Think Mothering Young Kids Is Hard? Get Ready For Even Tougher Times : 13.7: Cosmos And Culture New research suggests the most difficult time for mothers isn't when children are in early childhood — but when the kids reach middle school, says psychologist Tania Lombrozo.

Think Mothering Young Kids Is Hard? Get Ready For Even Tougher Times

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New research suggests middle-school age is the most difficult age for parenting.
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As a mother of young children, I've heard the following rosy message from more than one slightly more-seasoned mom: "Don't worry, it gets easier!"

It's a message of hope and encouragement, a recognition of how hard some aspects of early motherhood can be. But according to new research, it might also be wrong.

A new paper, published earlier this year in the journal Developmental Psychology, suggests that the hardest time for mothers isn't when their children are in early childhood, but later — when their children reach middle school.

The paper, by Suniya Luthar and Lucia Ciciolla of Arizona State University, reports the findings from an Internet-based survey of 2,247 relatively well-educated American mothers. The participants responded to a series of questions designed to assess multiple facets of their well-being, including aspects of their personal adjustment (such as stress and life satisfaction), perceptions of their child's behavior (including both positive and negative behaviors toward the mother) and aspects of their experiences as a parent (including feelings of guilt and being subsumed by parenthood). The mothers were also classified according to the ages of their children, with categories including infancy, preschool, elementary school, middle school, high school and adulthood.

The data revealed different patterns of well-being for mothers with children of different ages.

In the early years, when motherhood is often portrayed as especially demanding, mothers reported high levels of parenting "overload." They felt that mothering crowded out time and energy for themselves and for other facets of their identities. But they also reported high levels of positive behaviors from their children and relatively high levels of parenting satisfaction overall. This suggests that the early challenges of motherhood were partially offset by high rewards.

By the time children reached adulthood, mothers reported significantly lower levels of parenting overload and guilt but maintained relatively high levels of parenting satisfaction. Contrary to the idea that mothers suffer from an empty nest, the data suggested that mothers of adult children enjoy relatively high levels of maternal well-being.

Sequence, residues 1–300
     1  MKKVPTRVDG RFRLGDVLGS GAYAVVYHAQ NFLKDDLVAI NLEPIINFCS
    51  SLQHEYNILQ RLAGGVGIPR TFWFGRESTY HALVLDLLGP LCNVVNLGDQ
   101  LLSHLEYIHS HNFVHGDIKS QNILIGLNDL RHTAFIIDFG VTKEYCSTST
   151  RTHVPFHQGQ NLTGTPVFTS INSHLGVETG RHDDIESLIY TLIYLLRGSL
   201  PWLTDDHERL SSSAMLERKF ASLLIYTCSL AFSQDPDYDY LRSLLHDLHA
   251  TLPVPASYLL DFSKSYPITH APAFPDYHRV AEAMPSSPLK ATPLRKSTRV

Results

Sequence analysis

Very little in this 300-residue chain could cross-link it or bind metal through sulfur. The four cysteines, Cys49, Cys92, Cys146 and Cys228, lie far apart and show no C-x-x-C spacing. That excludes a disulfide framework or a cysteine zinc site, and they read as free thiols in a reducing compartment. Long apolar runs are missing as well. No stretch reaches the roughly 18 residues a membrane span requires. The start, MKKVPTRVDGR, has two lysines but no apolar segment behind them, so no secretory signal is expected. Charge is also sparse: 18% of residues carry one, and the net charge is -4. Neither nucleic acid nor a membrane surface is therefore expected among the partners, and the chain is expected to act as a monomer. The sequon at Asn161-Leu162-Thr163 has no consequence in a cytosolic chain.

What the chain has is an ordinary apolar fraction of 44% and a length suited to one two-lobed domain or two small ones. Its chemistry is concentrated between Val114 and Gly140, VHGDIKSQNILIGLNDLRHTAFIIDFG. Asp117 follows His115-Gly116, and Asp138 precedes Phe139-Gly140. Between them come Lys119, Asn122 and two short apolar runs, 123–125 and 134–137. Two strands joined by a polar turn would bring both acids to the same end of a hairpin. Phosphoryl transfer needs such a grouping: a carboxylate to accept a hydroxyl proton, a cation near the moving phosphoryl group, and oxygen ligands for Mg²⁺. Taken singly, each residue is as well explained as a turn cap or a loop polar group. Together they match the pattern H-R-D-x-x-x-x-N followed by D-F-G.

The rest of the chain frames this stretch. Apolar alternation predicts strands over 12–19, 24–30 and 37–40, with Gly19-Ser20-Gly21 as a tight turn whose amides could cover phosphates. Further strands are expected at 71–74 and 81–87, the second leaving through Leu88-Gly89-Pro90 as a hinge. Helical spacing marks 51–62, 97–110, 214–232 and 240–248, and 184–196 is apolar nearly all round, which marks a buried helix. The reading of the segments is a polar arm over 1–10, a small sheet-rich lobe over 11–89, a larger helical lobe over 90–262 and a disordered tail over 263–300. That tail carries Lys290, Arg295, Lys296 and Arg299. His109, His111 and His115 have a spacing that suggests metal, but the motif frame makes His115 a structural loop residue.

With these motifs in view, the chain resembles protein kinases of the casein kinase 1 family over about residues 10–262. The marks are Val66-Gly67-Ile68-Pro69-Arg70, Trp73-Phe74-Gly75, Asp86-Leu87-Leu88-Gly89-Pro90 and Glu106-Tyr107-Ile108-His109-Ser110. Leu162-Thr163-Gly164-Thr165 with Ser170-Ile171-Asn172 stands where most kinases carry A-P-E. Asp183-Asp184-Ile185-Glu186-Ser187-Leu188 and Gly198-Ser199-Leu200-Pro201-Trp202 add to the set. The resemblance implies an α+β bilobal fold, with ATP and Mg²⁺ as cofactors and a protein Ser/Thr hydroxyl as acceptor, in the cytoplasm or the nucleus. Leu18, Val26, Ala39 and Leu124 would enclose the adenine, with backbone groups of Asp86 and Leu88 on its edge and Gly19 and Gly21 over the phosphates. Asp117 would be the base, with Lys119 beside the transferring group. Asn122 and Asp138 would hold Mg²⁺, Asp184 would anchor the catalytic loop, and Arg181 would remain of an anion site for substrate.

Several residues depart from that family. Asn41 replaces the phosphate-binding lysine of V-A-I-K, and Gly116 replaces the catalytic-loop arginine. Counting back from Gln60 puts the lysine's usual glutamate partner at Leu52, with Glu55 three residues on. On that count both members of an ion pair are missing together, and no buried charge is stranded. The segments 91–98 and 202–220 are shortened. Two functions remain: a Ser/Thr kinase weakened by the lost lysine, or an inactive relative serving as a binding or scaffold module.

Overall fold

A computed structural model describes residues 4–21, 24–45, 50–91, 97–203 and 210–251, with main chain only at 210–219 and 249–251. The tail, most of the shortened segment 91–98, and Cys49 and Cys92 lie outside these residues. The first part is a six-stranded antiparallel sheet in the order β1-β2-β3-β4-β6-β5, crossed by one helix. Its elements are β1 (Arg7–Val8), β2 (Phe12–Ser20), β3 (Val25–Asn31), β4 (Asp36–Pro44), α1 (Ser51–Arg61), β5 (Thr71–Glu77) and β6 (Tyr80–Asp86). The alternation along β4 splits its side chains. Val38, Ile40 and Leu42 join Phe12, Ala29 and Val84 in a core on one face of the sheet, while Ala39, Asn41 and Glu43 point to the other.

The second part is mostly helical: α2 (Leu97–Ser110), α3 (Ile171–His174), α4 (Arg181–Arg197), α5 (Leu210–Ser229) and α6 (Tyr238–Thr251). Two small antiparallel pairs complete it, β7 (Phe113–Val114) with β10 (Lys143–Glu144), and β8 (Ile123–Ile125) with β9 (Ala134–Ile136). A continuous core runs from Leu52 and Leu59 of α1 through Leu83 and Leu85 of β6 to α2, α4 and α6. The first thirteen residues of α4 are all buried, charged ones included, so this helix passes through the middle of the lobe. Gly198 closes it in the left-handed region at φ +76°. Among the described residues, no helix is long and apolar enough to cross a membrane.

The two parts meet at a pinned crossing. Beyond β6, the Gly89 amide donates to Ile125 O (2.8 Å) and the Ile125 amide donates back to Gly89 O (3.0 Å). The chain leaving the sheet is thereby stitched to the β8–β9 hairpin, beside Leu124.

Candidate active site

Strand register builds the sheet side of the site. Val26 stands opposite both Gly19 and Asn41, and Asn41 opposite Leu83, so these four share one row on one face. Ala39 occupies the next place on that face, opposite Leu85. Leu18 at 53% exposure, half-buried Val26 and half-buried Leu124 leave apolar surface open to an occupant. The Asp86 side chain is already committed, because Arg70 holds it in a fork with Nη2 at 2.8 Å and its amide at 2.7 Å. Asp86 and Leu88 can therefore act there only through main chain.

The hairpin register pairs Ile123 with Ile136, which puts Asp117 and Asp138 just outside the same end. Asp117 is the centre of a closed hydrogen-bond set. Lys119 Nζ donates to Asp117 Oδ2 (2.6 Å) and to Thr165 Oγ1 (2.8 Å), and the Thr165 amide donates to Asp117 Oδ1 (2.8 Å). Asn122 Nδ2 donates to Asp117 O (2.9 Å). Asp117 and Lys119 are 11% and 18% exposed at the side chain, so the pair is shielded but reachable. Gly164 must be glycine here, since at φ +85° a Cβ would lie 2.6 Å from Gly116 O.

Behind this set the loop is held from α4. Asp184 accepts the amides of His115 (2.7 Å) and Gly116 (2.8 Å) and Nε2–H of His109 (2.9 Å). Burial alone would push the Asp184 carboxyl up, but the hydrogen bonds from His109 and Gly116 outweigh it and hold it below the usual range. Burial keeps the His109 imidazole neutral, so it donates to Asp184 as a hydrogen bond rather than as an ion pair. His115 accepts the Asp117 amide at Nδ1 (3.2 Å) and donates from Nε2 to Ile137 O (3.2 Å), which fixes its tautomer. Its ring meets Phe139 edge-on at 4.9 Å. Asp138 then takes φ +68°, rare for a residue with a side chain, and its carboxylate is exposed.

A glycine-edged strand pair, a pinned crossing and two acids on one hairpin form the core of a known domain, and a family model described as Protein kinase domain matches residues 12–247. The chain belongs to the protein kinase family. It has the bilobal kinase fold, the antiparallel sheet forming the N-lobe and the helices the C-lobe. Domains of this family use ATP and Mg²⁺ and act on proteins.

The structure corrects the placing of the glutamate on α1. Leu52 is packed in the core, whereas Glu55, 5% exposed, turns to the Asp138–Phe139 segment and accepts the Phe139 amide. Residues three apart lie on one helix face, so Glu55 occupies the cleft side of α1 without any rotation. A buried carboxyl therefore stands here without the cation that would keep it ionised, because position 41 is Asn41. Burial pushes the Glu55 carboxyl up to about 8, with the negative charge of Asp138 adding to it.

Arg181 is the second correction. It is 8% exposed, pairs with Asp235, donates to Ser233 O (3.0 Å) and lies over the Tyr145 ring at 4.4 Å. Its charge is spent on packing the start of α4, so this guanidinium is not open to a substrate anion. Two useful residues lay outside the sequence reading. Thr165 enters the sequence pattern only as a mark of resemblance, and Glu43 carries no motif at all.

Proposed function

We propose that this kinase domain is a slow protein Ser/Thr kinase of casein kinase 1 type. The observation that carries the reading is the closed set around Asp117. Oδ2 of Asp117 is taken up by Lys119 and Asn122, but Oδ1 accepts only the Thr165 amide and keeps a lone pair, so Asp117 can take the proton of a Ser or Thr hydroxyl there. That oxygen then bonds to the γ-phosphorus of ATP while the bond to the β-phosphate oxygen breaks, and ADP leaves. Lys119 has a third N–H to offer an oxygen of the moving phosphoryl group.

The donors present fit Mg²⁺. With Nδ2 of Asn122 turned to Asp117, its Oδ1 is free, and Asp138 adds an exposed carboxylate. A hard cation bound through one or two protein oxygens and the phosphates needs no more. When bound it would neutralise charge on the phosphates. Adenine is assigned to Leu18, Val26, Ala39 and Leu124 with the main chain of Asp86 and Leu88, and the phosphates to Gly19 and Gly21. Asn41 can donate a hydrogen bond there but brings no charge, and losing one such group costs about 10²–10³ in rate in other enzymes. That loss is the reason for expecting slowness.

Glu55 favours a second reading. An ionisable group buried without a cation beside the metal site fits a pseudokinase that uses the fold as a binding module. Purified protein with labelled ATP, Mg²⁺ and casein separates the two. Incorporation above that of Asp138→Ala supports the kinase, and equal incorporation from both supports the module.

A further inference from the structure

It was between these two periods that mothers reported the highest levels of dissatisfaction with parenting, with mothers of middle-school children representing the peak. Overall, life satisfaction also dipped in this period, with highs in stress, loneliness and feelings of emptiness — though ratings for these dimensions did not differ significantly between mothers of middle-school children and those in neighboring age groups. Mothers with middle school children also tended to perceive more negative behaviors from their children, and to perceive their children as less well-adjusted.

Importantly, these trends reflected group averages; there was considerable variation in the experiences of individual mothers. But the findings do suggest that some of the periods that are typically most difficult for children themselves — with the onset of puberty, a renegotiation of identities and sometimes forays into risky behavior — are also the most difficult for their mothers.

In a conversation by email, professor Luthar suggested that some of these threats to maternal well-being could be offset by "mutually supportive groups for moms" at schools, in the workplace or in individual communities. She also speculated that fathers similarly experience their children's middle school years as an especially stressful period.

So for mothers of young children, does it get easier? The data suggest that eventually it does, but it might take longer than you expect — and there might be some rough spots along the way.

Tania Lombrozo is a psychology professor at the University of California, Berkeley. She writes about psychology, cognitive science and philosophy, with occasional forays into parenting and veganism. You can keep up with more of what she is thinking on Twitter: @TaniaLombrozo